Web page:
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Summary:

Asking your users to buy lifetime subscriptions to a service is an unconventional way to build a business. But in 2004 that’s what TextDrive did. But after those lifetime subscriptions were cut short, TextDrive’s co-founder has stepped out of retirement to keep them alive.

Jason Hoffman

Earlier this month a small segment of customers of the former hosting provider TextDrive learned a frustrating lesson about the longevity of lifetime services on the web when Joyent, which had purchased TextDrive, said it would discontinue the lifetime hosting those customers had signed up for. On Thursday those users will learn a different lesson — namely that sometimes people and businesses keep their word and that, yes, their lifetime accounts will be honored with the formation of a new TextDrive.

The second coming of TextDrive is courtesy of Dean Allen, a co-founder of the service who left in 2007 roughly two years after it was acquired by Joyent. His other TextDrive co-founder Jason Hoffman is a co-founder and CTO of Joyent. Allen told me that after Joyent purchased TextDrive he knew that the lifetime memberships that users purchased in order to help fund the growth of the business, were likely doomed, but when the time came to kill them he wanted to step back up and create a hosting company that could still honor them.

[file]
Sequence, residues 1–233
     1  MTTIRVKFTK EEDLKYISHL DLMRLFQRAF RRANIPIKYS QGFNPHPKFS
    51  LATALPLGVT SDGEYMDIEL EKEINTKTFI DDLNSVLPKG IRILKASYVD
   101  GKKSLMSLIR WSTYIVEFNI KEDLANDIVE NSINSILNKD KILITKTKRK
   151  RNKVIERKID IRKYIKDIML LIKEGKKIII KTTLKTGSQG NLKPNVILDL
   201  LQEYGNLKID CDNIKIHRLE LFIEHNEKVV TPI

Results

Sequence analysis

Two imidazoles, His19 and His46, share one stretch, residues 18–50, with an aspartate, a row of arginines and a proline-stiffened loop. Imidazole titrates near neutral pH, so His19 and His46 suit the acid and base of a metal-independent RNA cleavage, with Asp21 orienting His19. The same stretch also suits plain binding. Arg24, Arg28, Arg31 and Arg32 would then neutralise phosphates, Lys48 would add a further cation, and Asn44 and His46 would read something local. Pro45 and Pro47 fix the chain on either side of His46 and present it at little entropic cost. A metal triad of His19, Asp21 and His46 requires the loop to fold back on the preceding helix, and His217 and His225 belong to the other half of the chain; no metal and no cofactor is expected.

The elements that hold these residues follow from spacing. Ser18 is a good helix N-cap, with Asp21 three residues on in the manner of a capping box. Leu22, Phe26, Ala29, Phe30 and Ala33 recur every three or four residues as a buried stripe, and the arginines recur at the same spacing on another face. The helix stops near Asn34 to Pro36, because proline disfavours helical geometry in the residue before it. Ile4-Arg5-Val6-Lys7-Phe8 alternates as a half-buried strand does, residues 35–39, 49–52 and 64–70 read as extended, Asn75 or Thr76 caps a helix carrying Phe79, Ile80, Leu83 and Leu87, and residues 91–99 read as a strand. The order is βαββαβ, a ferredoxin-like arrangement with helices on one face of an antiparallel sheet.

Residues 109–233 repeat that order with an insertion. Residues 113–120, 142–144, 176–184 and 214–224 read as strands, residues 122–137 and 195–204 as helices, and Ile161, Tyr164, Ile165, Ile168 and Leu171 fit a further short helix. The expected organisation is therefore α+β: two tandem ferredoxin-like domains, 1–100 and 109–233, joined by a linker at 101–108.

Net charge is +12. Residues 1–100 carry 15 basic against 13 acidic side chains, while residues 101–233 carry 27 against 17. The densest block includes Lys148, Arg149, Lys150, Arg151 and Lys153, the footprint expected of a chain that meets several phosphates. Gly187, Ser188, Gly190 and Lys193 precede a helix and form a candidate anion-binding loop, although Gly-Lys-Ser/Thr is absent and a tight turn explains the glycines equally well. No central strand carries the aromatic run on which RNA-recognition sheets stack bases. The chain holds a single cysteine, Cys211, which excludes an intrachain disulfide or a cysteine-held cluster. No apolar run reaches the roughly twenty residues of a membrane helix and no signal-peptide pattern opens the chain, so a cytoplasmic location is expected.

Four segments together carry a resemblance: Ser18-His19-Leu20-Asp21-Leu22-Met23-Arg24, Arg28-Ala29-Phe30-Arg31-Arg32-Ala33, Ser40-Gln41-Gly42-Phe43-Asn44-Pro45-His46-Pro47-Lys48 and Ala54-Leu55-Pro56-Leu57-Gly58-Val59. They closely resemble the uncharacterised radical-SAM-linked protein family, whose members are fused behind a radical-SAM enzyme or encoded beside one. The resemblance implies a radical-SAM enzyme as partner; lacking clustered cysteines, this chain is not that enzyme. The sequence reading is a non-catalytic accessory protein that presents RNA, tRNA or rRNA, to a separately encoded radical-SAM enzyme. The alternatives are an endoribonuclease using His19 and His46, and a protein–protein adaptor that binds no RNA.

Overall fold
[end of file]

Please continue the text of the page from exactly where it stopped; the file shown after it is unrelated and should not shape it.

“I knew fully well at the time [Joyent bought TextDrive] that one day it wouldn’t be possible to support lifetime subscriptions anymore, and I knew when the day came that it was no longer possible I would step back in and take care of those people.”

So when he saw Joyent email saying those accounts would be suspended, he said, “I think I kicked the cat and sweared a lot. And then I called Jason [Hoffman].” Allen flew over from France, where he lives, and spent the last few days working out the details of how Joyent would migrate the TextDrive customers on the older infrastructure over to the new TextDrive. Those customers will still be hosted on Joyent’s servers, but on the more modern infrastructure, and will no longer be direct customers of Joyent.

Allen plans to continue running TextDrive as a business, and the affected customers will transition over to TextDrive by Nov. 1 with minimal effort from then. Behind the scenes, however Joyent engineers and Allan are working hard to ensure the thousands of users are ported over to the appropriate hosting infrastructure.

“The thing we can attribute to Joyent is that they were creative and worked with us in finding a solution that gives people what they had,” Allen said. And perhaps we can also learn that sometimes, people do honor their word.

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  1. Reblogged this on Drew's Blog and commented:
    Good to see Dean step up… some promises are worth keeping.

  2. But how do you pay for it?

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